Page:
10 Command was a remarkable force made up of volunteers from occupied Europe and refugees from Nazi persecution, all of whom risked torture and execution if they were captured (even before Hitler issued his notorious 'Commando Order').
Dear begins by looking at the way in which the unit was created, with sections on the official formation and on the often extraordinary lengths that its members took to reach Britain before they signed up. Their routes were very varied - some were pre-war refugees or naturalised British citizens, others escaped from Dunkirk, while some had to make their way across the Channel or North Sea, or across Occupied Europe to semi-neutral Spain and Gibraltar.
The bulk of the book is organised by subject rather than chronologically, so there are chapters on the small-scale raids across the Channel, the unit's role in the Mediterranean where its members fought on Sicily, in Italy and on the islands off the Yugoslav coast; the French troop's role on D-Day and in Normandy and the German speaking troops rather different role in the same battles; and the exploits of the Dutch troops in the Far East, at Arnhem and on Walcheren Island.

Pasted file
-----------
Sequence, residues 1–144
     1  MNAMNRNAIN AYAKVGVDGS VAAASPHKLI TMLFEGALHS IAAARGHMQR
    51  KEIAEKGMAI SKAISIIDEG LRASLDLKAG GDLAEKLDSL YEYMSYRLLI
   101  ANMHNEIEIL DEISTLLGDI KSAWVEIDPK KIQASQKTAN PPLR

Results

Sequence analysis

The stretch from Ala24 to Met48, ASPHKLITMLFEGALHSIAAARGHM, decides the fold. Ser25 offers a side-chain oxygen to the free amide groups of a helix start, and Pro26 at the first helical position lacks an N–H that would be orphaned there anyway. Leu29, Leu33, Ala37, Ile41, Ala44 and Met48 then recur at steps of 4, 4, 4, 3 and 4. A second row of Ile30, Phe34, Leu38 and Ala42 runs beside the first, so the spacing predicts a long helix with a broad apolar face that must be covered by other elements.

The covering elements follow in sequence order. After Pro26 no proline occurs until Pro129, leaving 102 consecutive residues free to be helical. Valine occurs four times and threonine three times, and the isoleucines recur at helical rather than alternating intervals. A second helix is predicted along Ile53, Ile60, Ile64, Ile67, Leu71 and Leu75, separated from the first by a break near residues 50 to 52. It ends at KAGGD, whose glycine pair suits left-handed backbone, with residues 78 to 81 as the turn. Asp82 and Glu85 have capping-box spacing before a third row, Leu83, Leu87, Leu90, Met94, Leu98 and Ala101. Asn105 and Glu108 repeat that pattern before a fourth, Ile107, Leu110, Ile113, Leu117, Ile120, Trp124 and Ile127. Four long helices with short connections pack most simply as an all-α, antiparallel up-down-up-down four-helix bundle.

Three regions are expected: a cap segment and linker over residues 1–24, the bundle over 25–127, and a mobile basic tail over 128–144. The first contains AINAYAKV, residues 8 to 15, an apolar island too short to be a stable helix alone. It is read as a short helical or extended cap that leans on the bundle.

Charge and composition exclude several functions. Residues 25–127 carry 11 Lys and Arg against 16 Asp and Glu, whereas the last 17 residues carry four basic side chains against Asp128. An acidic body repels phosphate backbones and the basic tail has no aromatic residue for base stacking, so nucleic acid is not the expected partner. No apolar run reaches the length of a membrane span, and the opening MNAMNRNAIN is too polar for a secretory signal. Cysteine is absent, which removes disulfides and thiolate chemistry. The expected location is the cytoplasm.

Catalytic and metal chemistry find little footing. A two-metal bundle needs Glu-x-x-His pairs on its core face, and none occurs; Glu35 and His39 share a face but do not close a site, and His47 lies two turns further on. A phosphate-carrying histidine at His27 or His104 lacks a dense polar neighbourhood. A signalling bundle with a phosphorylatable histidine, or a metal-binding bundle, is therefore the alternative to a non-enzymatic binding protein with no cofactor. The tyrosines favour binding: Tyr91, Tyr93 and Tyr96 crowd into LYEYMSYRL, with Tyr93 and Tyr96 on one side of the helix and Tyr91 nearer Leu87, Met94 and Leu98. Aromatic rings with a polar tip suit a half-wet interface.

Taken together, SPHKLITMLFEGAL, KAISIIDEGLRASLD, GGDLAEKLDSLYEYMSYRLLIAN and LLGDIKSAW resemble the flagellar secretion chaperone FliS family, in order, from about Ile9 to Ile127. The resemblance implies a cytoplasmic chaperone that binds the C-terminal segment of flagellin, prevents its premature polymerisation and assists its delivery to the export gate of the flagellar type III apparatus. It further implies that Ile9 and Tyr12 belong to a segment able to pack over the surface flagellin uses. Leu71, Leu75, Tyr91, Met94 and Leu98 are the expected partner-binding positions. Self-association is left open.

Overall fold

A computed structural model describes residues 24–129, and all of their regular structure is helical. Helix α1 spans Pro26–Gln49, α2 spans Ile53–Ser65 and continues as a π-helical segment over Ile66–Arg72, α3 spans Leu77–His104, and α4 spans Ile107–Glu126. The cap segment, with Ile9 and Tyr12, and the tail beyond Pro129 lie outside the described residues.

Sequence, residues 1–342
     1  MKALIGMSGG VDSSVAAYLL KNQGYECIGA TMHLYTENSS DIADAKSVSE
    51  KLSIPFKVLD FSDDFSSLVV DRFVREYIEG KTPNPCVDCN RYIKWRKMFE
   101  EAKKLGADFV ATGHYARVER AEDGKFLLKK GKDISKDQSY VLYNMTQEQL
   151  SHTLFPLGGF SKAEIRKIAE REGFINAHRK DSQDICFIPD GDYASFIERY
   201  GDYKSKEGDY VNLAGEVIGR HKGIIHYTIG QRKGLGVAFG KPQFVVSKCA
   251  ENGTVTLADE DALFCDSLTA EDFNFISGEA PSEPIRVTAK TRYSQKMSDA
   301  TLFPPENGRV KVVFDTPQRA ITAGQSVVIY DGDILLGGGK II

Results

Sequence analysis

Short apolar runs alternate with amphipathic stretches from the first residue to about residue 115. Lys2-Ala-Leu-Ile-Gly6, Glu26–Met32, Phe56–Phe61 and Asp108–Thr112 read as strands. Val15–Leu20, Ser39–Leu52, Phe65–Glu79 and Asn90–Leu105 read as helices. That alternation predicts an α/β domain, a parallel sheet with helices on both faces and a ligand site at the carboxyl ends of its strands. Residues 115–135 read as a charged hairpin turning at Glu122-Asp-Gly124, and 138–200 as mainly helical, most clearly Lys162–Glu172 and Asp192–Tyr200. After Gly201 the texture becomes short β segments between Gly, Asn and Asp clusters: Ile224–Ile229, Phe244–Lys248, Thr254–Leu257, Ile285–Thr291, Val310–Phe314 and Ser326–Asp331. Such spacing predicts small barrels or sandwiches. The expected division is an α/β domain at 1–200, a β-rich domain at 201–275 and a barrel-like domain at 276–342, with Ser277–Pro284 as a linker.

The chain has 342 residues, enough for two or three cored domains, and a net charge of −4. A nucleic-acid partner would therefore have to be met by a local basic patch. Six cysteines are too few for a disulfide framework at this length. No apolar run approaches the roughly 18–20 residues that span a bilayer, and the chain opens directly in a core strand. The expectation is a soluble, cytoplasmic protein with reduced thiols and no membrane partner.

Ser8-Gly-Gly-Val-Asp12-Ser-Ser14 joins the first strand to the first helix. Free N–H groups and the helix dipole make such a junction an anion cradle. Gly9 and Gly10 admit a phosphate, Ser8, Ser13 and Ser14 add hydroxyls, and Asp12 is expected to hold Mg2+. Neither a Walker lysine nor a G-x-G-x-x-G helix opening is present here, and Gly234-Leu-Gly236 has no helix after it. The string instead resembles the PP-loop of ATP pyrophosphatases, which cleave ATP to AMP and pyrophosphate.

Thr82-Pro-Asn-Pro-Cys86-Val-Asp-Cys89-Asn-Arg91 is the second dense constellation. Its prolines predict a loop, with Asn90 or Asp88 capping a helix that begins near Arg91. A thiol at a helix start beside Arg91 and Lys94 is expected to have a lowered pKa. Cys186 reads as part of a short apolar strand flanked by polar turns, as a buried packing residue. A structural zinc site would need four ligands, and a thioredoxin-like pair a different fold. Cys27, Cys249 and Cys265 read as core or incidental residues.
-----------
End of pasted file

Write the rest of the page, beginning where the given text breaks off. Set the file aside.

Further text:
Most of this part of the book looks in some detail at the actual fighting carried out by individual elements of the Commando, and is largely based on eyewitness accounts from its survivors, backed up by the sometimes scanty documentary evidence.
This is a rare example of a recent book that covers a previously unexplored by still significant aspect of the Second World War and is a fascinating study of a remarkable unit and its remarkable men.
1 - The International Experiment
2 - Escape and Evasion
3 - The King's Own Enemy Aliens
4 - Early Small-Scale Raids
5 - Later Small-Scale Raids
6 - The Mediterranean
7 - The French go Home
8 - X-Troop in Normandy
9 - The Dutch
10 - The Dunes of Walcheren
Author: Ian Dear
Publisher: Pen & Sword Military
Year: 2010 edition of 1987 original